Manufacturing & Supply Chain

Safe Space – from challenge to opportunity

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Safe Space – from challenge to opportunity

Safe Space – from challenge to opportunity
August 13
14:46 2020
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Responsible employers and business owners are rising to the challenge of
providing Covid-secure spaces, but most are still unsure of what is ultimately
required. There is a seemingly endless list of measures which may be taken,
some of which are touched on below, and key to designing your solution is
selecting and integrating those which will work best for you.
Moreover, in this necessary exercise, there are several defining aspects which
can transform this challenge into valuable opportunity.

Firstly, the impact on those who will be experiencing this adapted
environment. Solution design must consider dignity as much as compliance. An
opportunity presents itself to foster a culture of safety, care and trust, in
keeping with the much talked of ‘reset’ and the obvious benefits of well-being
as a powerful driver of morale, health and productivity.

Secondly, the opportunity for cost savings in what at first appears to be simply
costs. The use of automation for tasks such as access checklists and virtual
inductions will provide cost savings in reduced labour, increased reliability and
ease of record keeping.

Thirdly, with the documenting and controls needed to ensure safe spaces
comes new information streams, presenting opportunity for new and valuable
insights as evidenced in optimisation through i4.0 analytics in the
manufacturing sector.

Finally, and on a cautionary note, as employers and business owners we are
and will be, accountable for actions taken to ensure safety. This duty of care is
now more important than ever, and it may be a wise investment to protect
public and personnel now, to protect your business from accusation in the
future. Space safe, conscience clear.

To create Covid-secure spaces and realise these opportunities a wide range of
solutions can be deployed. These commonly include occupancy control,
temperature screening and contactless delivery of safety rules and hand
sanitation before entering your venue.

Contactless kiosks at entrances can provide instant temperature screening while avoiding queues, allowing social distancing, and providing analytics for insight and monitoring. In the incident of a failed temperature test, instruction can be delivered on-screen, by phone message (SMS, WhatsApp, Bluetooth) or vocally depending on appropriate discretion.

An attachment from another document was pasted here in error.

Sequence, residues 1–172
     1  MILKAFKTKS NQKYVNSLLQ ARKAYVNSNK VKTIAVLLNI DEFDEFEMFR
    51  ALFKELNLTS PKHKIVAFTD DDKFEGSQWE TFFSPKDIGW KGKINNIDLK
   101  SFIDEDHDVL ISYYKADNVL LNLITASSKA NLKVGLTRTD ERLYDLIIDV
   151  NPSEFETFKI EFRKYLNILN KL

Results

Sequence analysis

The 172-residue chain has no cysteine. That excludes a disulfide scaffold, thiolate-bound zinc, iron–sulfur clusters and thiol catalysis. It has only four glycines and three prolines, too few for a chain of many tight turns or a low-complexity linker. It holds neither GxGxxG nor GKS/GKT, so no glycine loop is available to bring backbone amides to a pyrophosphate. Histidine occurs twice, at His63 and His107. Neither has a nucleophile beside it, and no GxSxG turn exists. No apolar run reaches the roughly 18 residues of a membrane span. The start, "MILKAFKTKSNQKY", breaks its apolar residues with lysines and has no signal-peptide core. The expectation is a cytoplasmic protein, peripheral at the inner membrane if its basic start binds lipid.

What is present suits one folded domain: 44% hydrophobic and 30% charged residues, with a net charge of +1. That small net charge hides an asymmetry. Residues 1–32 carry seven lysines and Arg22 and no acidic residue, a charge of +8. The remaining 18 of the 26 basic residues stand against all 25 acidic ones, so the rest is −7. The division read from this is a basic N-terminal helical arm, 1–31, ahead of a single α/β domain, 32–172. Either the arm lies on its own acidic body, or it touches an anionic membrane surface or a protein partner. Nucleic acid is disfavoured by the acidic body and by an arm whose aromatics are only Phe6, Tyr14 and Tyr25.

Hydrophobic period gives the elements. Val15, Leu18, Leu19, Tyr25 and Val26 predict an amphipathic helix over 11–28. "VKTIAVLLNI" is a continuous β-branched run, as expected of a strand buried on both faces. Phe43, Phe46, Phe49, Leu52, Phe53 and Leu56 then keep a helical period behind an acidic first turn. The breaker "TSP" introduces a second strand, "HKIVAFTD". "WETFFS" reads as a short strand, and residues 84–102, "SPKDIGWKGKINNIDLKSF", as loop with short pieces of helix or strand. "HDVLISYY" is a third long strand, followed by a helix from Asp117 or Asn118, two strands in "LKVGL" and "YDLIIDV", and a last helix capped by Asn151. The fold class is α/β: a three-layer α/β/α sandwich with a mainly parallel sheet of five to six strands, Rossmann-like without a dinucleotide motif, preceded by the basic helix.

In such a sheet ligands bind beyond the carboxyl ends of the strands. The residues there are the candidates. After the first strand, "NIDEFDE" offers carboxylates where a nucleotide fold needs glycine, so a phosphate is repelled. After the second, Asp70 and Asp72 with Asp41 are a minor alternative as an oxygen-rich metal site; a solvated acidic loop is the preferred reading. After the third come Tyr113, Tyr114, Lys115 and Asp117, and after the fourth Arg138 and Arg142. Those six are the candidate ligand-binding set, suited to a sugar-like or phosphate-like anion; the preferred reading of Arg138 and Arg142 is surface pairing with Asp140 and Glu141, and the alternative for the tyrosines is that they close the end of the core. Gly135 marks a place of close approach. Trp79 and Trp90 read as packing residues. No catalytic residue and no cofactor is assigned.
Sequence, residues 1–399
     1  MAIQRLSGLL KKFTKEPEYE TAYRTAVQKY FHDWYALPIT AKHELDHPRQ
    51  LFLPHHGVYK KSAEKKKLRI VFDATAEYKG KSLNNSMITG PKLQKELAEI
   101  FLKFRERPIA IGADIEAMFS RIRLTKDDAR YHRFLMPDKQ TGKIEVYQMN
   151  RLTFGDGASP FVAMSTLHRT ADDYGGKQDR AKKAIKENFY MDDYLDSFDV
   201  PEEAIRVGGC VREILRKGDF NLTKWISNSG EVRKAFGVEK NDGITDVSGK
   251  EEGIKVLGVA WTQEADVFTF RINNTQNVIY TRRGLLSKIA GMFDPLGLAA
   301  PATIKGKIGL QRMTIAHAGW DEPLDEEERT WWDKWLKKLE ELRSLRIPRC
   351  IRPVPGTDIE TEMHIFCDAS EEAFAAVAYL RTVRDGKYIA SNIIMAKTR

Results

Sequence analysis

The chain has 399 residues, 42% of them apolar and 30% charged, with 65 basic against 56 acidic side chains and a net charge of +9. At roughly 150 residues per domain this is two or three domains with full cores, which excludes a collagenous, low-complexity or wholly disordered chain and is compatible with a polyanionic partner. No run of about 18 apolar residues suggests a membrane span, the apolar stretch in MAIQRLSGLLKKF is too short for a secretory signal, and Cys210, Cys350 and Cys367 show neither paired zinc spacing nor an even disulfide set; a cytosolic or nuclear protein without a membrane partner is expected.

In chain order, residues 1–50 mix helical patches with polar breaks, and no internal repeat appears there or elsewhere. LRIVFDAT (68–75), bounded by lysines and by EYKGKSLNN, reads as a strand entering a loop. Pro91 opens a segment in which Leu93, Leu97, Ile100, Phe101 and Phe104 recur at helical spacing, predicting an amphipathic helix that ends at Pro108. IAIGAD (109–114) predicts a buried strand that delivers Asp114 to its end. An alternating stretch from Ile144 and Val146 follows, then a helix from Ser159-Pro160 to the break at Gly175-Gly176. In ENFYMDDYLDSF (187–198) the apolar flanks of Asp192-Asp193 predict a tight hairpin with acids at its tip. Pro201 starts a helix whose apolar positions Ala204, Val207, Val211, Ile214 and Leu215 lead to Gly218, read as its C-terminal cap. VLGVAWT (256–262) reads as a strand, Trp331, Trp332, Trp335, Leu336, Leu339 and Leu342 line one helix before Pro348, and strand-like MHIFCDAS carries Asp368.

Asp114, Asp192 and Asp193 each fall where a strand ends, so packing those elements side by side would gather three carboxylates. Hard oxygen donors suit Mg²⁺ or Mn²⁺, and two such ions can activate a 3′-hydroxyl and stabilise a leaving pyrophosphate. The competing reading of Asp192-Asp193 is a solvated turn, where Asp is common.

The system can be connected to LED lights on the entrance, programmed to
show red until system allows access via voice instruction and/or signalling
green or connection to automatic doors or gates.

Digital signage can display specific hygiene rules, thus delivering information
while avoiding face-to-face contact. The device can be programmed to deliver
inductions and pose questions which can be answered vocally to ensure
information was understood.A contactless path into workplaces or venues can be continued with voice or sensor activated lifts. Maximum occupancy can be controlled by use of heat sensors inside the elevator and programming of number/pickup/set-down as
appropriate.

Access control systems can extend to deliver occupancy control with
occupancy determined by size of room and social distancing limitations within
the room. This can be deployed with monitors at each room entrance and can
also administer a one-way system, particularly important in venues that are
smaller in size.

 

Starting times for employees can be staggered to minimise people arriving at
one time, as well as shifts and breaks to minimise numbers in break rooms.
Within workplaces, desks and workstations can be separated by clear screens,
allowing communication but reducing airborne contact. Mobile phone apps
can show location of available spaces within a building and for venues such as
restaurants and bars can be used to place orders and process payments.
Materials like copper that are less hospitable to germs can be used, and
reconfigured ventilation systems.

Fast-paced growth, brainstorming and increased collaboration happens in real
life, in real groups. Businesses need this to grow, and for the economy to make
a comeback. And for this, safe spaces are needed. The pandemic has forced
upon us a paradigm shift – why not use it as a leap forward?

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